It was days before my birthday and I had the bright idea of camping at the Grand Canyon and riding the rim by bicycle to celebrate. Birthdays have always been a funny beast. Mix in part nostalgia for younger, more carefree years, dread of what is to come mixed in with a dash of excitement and you get a lumpy, over thought cake.
After loading up our car, we drove four hours through the night, cutting past ghostly aspens near the base of the San Francisco Peaks and on to the flat as pancake plains outside Tusayan. The never-ending darkness had nearly lulled us into a stupor when an orange flashing light at the Grand Canyon visitor gate rocked us out of our cradles and back to life.
My boyfriend turned to me and said, “Happy birthday weekend!”
Uh, another year older.
We pitched our tent in the far loop of the Mather Campground, site 161, which sat just feet from the highway we learned when the first RV rumbled past. Our dream of sleeping under the stars with only distant elk calls was rudely ruined.
After a fitful slumber, the breakfast bell sounded — a posse of black crows tapping their toothpick peaks against our dog Kiwi’s stainless steel food bowl.
After feeding the crows and ourselves, we rode out to the rim, passing by the market plaza, train depot, odor-filled mule barn and Bright Angel Lodge.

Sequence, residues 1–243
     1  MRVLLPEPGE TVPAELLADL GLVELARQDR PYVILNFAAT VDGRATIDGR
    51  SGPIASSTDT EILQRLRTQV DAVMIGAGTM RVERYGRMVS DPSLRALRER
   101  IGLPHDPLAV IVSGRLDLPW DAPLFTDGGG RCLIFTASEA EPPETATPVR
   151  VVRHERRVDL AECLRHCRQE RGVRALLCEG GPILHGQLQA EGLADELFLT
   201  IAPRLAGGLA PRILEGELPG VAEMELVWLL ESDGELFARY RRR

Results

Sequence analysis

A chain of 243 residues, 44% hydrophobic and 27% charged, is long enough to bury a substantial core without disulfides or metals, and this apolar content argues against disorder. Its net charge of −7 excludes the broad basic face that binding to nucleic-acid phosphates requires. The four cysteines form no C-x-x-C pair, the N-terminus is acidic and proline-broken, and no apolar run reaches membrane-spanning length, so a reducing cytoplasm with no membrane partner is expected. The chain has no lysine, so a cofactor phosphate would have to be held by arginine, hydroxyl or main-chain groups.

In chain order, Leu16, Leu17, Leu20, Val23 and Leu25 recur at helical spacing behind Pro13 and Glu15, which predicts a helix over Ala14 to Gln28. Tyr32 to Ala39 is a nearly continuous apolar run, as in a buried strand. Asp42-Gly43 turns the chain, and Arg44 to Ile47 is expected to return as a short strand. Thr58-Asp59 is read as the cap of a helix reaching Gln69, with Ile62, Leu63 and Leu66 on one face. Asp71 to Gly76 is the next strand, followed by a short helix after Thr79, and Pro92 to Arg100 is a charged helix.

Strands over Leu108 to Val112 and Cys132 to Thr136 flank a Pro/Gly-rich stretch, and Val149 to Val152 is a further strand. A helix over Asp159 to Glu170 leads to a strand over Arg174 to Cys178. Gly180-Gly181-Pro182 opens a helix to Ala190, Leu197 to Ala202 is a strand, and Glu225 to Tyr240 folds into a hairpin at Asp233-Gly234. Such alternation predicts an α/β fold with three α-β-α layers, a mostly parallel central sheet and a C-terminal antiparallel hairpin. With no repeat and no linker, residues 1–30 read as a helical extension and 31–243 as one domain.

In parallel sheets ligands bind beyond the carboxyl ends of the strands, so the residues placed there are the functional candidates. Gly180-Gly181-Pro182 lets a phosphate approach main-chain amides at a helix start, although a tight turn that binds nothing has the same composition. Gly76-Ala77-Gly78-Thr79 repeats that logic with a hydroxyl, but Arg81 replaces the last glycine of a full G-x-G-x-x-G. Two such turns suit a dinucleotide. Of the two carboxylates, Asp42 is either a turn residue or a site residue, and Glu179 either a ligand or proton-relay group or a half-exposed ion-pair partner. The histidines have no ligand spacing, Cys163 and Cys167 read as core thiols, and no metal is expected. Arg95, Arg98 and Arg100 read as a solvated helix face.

My first glimpse of the canyon was quickly taken away not by the beauty, but after the mile-plus ride from camp.
After the shock of my unfitness wore off, I stumbled around, digging in my bag for my camera and shot my way through the growing crowd of foreign languages.
It was the first time in a long day that I would stop and glimpse at a geologic history stretching back millions of years.
My birthday was just another year to add to the thousands of lifetimes that have passed before the canyon.
The Grand Canyon is carved by periods of great seas, sand dunes, erosion, upheaval and solitary stillness. With all its faults and folds, the canyon is a great indictor of the Earth’s restlessness.
Always changing and evolving, the canyon lays open to inspection. Its layers, like a scrapbook, reveal everything. It is easy to stand at its lip and appreciate the beauty, but to understand the journey requires careful examination.
We saddled up our bicycles, mine an elderly mare with a few scratches and dings and set off down Hermit Road. The six-mile trip to Hermits Rest hugs the canyon at times and falls away into the scrubby juniper, pinyon and ponderosa pine forest at others.
The wonder of the canyon quickly wore off as the 6 percent grade to cross the Bright Angel Fault, a wall of black asphalt, rose up just beyond the shuttle bus pick-up. As jolly tourists zoomed past in the shuttle, like museum patrons behind glass, I smiled merrily. But for the next half mile, I spun my wheels, grimacing all the way to the top of Hopi Hill. I pledged that if I were going to make it anywhere, it would be here and pushed on.
The canyon is a place many have tested their luck and skill and I have put my chips in two times before, hiking in and out on the Bright Angel Trail and the trail to Havasupai Falls.